[This photo series is coming to you from two weeks ago. Six of the silpis you see here are already back home in India.]
As CyberCadets know, we now have nine indian stone craftsmen on Kauai, and our two swamis are in India to bring three more to the island on March 28th. Then six will return to India on April 1st, bringing us back to our normal number of six here. They all stood this morning for a photo with the newly installed stone chain.
This stone chain is amazing. It is ten feet long, and all carved, yes it's true, from a single black granite stone.
Silpi Karuppiah demonstrates the links, holding one up to prove they are loose.
Silpi Karuppiah demonstrates the links, holding one up to prove they are loose. Each link is 14 inches long and 7 inches wide.
It's a temporary spot, which will allow pilgrims to see and touch this marvel during the next couple of years.
Meanwhile, the silpis are pushing hard on the rose granite flooring around the central sanctum.
And also working on the installation of the handrail that completely surrounds the temple.
This is one-half of a handrailing, which Bodhinatha loves for its diversity of shapes and forms.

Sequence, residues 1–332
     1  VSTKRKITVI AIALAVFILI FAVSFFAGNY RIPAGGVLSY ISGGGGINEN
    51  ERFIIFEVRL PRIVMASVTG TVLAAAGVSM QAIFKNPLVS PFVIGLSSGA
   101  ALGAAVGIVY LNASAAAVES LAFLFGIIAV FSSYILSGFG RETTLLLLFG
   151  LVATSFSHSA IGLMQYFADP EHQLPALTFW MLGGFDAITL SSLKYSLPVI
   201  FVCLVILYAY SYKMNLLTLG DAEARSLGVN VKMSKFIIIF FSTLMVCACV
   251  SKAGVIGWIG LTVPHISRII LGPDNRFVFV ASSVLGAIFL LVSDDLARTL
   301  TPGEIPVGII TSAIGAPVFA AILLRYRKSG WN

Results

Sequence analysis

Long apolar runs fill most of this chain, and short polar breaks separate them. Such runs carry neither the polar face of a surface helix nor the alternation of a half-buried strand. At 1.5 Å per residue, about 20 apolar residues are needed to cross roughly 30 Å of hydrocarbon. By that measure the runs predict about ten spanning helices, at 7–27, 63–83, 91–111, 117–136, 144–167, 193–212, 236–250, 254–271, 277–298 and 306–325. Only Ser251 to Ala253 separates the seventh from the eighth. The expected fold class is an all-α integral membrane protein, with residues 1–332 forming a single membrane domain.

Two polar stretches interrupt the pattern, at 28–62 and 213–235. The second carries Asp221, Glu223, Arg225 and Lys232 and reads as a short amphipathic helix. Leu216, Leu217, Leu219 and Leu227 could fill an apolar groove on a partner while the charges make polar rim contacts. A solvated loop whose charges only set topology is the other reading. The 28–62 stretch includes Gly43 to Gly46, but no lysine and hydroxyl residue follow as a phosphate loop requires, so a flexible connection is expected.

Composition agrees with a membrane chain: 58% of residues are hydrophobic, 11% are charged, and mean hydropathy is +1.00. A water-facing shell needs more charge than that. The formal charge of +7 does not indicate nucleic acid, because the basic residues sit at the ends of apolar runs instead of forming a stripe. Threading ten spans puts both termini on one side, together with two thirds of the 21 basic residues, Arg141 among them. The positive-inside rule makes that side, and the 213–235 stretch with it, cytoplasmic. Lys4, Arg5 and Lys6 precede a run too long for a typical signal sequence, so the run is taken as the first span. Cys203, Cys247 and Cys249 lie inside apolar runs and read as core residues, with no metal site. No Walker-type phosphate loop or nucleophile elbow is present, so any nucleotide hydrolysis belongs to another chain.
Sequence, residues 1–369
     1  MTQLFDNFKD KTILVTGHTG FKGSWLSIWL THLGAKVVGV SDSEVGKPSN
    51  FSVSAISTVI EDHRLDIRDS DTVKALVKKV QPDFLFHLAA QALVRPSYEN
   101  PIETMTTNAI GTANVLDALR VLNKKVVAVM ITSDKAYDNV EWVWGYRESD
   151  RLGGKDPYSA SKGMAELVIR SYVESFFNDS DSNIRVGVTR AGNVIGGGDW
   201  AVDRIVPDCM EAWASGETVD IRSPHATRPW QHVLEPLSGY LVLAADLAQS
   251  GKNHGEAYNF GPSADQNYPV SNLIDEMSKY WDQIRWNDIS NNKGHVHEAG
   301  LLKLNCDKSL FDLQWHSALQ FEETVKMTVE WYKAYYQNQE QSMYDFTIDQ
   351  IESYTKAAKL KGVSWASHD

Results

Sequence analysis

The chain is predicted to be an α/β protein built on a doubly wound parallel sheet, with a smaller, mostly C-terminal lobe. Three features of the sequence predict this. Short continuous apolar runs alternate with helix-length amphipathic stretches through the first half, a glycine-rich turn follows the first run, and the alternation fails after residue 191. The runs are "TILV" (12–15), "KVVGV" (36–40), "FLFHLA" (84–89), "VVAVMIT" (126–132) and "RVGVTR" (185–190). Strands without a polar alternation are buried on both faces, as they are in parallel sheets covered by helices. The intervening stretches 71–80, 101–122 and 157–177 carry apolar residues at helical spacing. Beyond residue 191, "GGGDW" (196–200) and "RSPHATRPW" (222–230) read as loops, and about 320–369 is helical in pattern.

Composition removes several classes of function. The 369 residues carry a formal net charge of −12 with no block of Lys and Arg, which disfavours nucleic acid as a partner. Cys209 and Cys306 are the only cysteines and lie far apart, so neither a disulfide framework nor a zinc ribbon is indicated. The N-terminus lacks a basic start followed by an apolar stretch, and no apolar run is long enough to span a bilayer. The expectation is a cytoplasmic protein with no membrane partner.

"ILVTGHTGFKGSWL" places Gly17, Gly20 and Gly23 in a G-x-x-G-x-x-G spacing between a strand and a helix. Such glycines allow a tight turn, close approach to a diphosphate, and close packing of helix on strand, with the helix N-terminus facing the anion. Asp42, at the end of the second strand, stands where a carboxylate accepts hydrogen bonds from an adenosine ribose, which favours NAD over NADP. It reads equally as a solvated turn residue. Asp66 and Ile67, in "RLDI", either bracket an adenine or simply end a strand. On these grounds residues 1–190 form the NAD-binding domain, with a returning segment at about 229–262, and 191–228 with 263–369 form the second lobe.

Only 16 more stones to go and the sanctum will be surrounded with a completed floor.
This team is working on the "pillow edges," those softly rounded edges that mimik thousands of years of barefooted devotees walking on the stone.
Another shot of the installation of the handrail.
Chidambaram Sthapati makes all the measurements the others will follow.
He is a precise engineer who has been working on this temple for nearly 20 years.
Tools of the trade, chisels made of soft steel.
It amazes visitors to learn that this entire sculpted marvel, 4 millions pounds of the hardest rock on Earth, has been made with this simple hammer and a variety of differently-shaped chisels.
Jai to our Indian artisans. Imagine making a working chain of this scale from stone. It takes one man 6-7 months to finish such a piece.
"Stand strong for Saivism." The nature of life for Saivites is to turn work into worship, to turn the secular into the sacred. Each day give a little extra warmth, humanness and upliftment to others. Every day is a holy day, all day long. We want to follow our religion even in our dreams. If we help someone, we're worshiping. Wherever we are, that's a place of worship. "To the Saivite Hindu all of life is sacred. All of life is religion."